I have a confession.
Early in writer/director Kyle Eaton's cinematic debut Shut Up Anthony, I couldn't help but listen to Anthony (Robert A. D'Esposito) and think over and over again of Paul Marcarelli, better known to America as the "Can you hear me now?" guy from the Verizon Wireless commercials who only recently slipped on over to the dark side and now represents Sprint.
I'm serious. Over and over and over again, Anthony would speak and I would hear in my head "Can you hear me now?"
Now then, I picture Eaton cringing as he reads this thinking "Boy, that sounds like a distraction from this film I worked really hard on."
Eh, possibly true. The truth is it made a funny film funnier and an interesting character even more interesting. Truthfully? As soon as the film was over, I actually looked up the credits to see if Anthony WAS, in fact, the Verizon Wireless turned Sprint guy.
Anthony is a character all unto himself, an overly talkative neurotic creative grinding away at his Portland ad firm until over the course of a few days he loses his girlfriend, his job and, well, his dignity. With nothing else to do, Anthony heads for a family timeshare where he encounters Tim (Jon Titterington), an estranged family friend and alcoholic theology professor with whom he clashes on everything from relationships to religion, vodka to coaster etiquette.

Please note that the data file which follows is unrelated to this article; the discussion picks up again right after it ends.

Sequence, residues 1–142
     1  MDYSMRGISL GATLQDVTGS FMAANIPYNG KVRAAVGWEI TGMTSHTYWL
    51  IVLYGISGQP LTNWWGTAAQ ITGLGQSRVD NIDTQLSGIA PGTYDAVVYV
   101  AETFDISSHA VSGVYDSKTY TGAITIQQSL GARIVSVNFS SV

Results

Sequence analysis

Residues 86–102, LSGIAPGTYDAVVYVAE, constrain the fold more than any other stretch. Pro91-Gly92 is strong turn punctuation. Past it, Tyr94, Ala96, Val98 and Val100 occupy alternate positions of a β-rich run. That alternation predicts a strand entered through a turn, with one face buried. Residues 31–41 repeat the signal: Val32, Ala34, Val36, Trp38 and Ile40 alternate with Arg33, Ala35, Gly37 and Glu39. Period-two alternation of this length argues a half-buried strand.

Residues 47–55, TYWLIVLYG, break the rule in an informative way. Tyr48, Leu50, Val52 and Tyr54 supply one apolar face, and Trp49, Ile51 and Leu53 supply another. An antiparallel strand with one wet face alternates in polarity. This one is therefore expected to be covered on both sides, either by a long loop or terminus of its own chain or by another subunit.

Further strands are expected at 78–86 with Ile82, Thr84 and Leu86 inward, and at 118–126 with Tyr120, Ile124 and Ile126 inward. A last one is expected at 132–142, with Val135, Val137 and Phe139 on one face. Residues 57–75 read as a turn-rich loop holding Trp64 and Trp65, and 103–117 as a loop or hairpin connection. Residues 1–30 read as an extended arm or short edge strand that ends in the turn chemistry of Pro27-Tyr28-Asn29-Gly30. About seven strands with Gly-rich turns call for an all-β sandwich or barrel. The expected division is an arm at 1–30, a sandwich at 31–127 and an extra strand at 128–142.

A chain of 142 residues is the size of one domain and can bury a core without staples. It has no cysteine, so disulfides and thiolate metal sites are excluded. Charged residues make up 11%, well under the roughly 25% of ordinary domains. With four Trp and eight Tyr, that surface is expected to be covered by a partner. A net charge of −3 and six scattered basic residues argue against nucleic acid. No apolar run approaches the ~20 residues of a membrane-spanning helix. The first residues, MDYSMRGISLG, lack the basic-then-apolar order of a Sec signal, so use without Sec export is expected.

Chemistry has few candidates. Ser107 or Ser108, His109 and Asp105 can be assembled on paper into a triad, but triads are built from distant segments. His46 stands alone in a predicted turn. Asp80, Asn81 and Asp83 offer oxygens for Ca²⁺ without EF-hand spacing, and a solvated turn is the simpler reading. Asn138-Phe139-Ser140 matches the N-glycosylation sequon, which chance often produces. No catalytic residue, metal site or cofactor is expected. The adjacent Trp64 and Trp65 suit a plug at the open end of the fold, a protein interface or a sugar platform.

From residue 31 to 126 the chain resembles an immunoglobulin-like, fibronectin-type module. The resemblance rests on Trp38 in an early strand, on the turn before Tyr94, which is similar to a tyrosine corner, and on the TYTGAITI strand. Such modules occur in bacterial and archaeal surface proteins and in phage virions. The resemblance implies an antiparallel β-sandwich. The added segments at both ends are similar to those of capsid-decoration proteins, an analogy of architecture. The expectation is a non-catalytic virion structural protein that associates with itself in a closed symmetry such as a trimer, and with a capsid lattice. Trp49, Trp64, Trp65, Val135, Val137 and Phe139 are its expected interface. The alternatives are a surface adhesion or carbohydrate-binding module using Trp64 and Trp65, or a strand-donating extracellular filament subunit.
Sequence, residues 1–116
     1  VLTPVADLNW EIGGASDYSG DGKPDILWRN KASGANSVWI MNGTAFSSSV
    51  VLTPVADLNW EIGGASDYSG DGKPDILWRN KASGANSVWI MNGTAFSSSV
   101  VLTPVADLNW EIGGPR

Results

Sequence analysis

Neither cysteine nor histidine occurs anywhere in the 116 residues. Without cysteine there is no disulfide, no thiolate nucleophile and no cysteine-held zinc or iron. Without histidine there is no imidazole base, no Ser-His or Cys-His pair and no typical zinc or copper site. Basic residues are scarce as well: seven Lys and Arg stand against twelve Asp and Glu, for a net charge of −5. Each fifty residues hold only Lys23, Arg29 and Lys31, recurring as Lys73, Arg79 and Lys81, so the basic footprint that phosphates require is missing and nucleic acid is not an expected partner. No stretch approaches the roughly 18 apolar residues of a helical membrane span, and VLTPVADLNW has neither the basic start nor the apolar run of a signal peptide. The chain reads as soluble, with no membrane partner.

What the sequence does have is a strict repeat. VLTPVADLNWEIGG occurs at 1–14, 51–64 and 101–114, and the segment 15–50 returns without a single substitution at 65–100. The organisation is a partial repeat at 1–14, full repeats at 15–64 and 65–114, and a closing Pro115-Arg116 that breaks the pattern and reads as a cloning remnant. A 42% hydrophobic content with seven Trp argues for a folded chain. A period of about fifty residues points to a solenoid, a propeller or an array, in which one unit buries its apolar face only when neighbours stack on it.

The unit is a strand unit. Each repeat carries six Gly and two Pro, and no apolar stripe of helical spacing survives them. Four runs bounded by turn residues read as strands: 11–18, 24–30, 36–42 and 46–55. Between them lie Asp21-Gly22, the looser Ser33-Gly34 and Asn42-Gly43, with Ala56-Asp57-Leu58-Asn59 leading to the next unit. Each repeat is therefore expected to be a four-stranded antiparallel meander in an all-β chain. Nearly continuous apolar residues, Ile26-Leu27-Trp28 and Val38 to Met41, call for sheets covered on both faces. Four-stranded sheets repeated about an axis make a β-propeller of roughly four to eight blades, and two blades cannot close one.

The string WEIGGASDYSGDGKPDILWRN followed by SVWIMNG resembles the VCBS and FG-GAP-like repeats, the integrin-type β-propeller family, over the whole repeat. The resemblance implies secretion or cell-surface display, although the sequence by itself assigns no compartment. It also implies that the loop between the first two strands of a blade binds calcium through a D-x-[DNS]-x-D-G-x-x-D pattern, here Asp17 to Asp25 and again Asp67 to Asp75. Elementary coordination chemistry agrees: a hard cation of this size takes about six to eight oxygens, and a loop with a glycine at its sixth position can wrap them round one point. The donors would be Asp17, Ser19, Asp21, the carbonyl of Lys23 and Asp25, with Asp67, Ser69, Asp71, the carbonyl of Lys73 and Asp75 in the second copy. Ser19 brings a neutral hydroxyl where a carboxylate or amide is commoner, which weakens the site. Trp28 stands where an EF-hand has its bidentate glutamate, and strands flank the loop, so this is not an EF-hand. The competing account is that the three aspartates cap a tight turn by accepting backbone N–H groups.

Shut Up Anthony had its world premiere at Cinequest Film Festival and is now getting set for its full-on festival run, a run for which Eaton has high hopes that the film's funny, inspired and entertaining story will catch on with festival organizers and moviegoing audiences. The film is scheduled to have its New York and L.A. premieres in June at festivals to be announced, a solid sign that Shut Up Anthony is all geared up for a lengthy festival run.
As Anthony, D'Esposito is absolutely terrific. Especially early on, he's obnoxiously talkative, and as an introvert myself that doesn't actually take much, but he never crosses that line into so completely obnoxious that we want to completely keep watching him. He's that one friend we all have. If you don't know that friend, then you probably are that friend. D'Esposito's rapport with Katie Michels, as Sam, early in the film is hilariously awesome and uncomfortable with Michels, as well, playing it all off quite perfectly.
Jon Titterington's Tim proves to be the perfect foil of sorts for Anthony, their every genetic cell seemingly at odds with one another. To call them an odd couple would be wildlly understating their differences yet, in the midst of it all, both D'Esposito and Titterington make something pretty special unfold here with humor, intelligence and a healthy foundation of harsh life realities.
Shut Up Anthony benefits greatly from the original music of Mark Norton, whom you may recognize from his work on Alexander Payne's Nebraska or the underrated Drunktown's Finest. Orton's music isn't so much a musical accompaniment here as it is a subtle background character with a presence so sublimely perfect that one hears it long after leaving the theater.
With a small ensemble cast that seems to completely understand what Eaton is going for here, Shut Up Anthony catches a terrific vibe early on and never loses it. The end result is a film that should easily find a home on the indie fest circuit and marks a terrific debut from Kyle Eaton. If it arrives at a festival near you, definitely give it a watch.
© Written by Richard Propes
The Independent Critic